The driver picked me up after breakfast and drove me to a drop off point where I boarded a Mini Van with a German couple and their sister all living in Toronto. There was another Frenchman that lived in Geneva and spoke fluent English, Spanish and French. The rest of the group were from Mexico. Our driver and guide, Moses, had worked in Restaurants in Tempe Arizona and was also fluent in English, French and of course Spanish.
Moses took us to the world’s largest (diameter) tree. A 2000 year old Cypress tree that humbled us all. He explained there are trees older 4000-6000 years…but not in Mexico.
We moved on to a Zapotec village that specialized in woven tapestries, rugs, purses, etc. Our host, the owner, explained they bring the raw wool from Spain, spin it into string, twine, thread , then dye it with pomegranate, cacti, acacia, turmeric, marigolds, etc…quite fascinating. They “fix” the dye with salt and vinegar. The women do the preparation of the wool and thread but the men do the dying and weaving.
Moses took us to “Happy Hour” at a Mescal factory across the way where we watched to Agave Cacti harvested, then roasted in a kiln, boiled and shredded, pulverized and fermented to the final product that may or may not be aged in barrels for up to 8 years or more. We drank lots of samples and I bought a bottle.
We moved on to Mitla. A village dating to 600 AD that was both Mexteo and Zapotec tribes. The temples were well preserved and the village still thrived today.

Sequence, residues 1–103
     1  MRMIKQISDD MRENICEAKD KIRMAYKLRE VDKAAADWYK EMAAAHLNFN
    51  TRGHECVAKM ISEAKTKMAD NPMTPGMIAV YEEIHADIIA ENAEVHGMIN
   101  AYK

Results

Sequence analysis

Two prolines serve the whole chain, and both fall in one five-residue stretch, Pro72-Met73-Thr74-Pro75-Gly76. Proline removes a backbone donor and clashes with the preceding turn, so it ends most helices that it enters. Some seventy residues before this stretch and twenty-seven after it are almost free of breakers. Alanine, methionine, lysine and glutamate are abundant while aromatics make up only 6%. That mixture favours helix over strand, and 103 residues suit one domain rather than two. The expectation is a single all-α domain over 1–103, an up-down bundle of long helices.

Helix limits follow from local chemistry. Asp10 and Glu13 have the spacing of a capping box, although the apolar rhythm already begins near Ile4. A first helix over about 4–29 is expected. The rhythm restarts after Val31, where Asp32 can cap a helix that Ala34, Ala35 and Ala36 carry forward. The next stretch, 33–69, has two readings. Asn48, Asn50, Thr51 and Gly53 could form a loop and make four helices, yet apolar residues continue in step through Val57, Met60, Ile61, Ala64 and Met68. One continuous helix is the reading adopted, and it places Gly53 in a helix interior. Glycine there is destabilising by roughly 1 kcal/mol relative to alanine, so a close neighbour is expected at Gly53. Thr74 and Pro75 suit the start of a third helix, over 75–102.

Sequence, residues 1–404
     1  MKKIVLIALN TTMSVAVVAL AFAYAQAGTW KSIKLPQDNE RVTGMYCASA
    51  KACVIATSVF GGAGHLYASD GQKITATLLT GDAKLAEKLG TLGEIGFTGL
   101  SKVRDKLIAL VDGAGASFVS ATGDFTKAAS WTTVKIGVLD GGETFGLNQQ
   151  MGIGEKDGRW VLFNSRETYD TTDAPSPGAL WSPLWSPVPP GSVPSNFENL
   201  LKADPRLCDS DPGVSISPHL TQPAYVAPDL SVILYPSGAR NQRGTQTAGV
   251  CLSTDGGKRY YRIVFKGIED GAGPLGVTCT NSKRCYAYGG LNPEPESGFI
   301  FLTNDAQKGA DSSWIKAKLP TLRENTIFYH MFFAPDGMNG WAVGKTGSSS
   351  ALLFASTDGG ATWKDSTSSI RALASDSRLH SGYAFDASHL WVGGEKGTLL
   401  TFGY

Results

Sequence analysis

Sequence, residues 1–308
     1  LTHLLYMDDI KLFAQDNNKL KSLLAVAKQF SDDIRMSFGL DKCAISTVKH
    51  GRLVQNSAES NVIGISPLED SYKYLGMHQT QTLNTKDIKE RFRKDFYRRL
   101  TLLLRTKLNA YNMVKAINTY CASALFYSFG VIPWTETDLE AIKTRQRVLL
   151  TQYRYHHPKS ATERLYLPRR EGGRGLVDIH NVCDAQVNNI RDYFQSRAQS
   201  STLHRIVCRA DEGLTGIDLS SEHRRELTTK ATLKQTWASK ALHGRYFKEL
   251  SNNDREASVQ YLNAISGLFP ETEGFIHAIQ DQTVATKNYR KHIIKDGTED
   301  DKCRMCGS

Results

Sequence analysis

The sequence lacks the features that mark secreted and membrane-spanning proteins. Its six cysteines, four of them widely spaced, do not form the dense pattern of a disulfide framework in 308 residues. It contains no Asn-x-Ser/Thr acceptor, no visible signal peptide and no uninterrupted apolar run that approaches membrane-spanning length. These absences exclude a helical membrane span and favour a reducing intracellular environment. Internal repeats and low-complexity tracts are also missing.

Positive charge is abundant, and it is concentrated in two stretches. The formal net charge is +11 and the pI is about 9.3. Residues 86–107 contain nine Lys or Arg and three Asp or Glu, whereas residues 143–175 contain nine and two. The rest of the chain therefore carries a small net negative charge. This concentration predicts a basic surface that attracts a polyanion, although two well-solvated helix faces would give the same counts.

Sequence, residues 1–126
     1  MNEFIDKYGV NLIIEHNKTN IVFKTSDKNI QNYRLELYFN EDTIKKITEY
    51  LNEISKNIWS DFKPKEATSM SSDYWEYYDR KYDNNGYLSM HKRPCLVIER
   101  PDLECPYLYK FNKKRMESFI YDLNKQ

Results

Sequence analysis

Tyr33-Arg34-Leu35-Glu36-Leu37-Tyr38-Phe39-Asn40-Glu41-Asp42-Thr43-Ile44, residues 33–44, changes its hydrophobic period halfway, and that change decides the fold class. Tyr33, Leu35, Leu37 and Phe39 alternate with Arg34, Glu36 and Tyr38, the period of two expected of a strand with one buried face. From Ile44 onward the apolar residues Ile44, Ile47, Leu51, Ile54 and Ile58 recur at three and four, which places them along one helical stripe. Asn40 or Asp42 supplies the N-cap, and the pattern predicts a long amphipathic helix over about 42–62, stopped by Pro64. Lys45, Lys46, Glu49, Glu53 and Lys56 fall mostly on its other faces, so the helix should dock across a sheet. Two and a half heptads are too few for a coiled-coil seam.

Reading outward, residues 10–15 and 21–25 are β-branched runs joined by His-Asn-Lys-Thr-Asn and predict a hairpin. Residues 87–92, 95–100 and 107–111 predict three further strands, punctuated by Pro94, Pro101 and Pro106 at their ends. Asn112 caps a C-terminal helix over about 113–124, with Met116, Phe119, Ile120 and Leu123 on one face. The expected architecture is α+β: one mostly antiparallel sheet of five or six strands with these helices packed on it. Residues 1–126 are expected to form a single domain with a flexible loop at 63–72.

Moses drove us to a restaurant where after lunch, the group split for the second half of the tour. Some went back home while the rest of us went on to Hierve El Aqua in San Isidro Roaguia Park.
The drive was long winding mountain roads that reminded me of Jerome Arizona except steeper and much higher. We rose to over 8500 feet altitude and ended up on 10 miles of rough dirt road through very poverty stricken villages to the entrance of the park. We had to climb down to the waterfalls. It had lots of calcium, limestone, sulfur that formed into a stalagmite formation as it flowed over the edge of the cliff. The Frenchman wore a bathing suit and took a dip in the pool! I was impressed.
My challenge was to return up the hill. I took pictures then started out early to start the climb. It took about 15 minutes down and about 30 minutes back. I was gasping for breath when I reached the top but no cramps or pain in my legs. I think all this walking everyday has got me in shape…somewhat. I was proud and felt good…still gasping for breath. I drank a bottle of water then had some Nieve (fruit sorbet) while waiting for the rest. It was a long drive back and darkness had set in when I arrived.
Moses dropped me in the Park and I stopped into 100% to have a glass of wine and a sandwich. Paul was sitting on the patio when I walked into Mariposa so I treated him to my Mescal. He checked on the use of a pool at a hotel he was checking out. The owner said for $150 Pesos a person could use the pool but not it the hotel was full . I thought it expensive. Paul lived in Cuernavaca before and said they had lots of pools and lots of water. Oaxaca doesn’t have that luxury. We talked a bit then retired. My bed shrunk along with my room.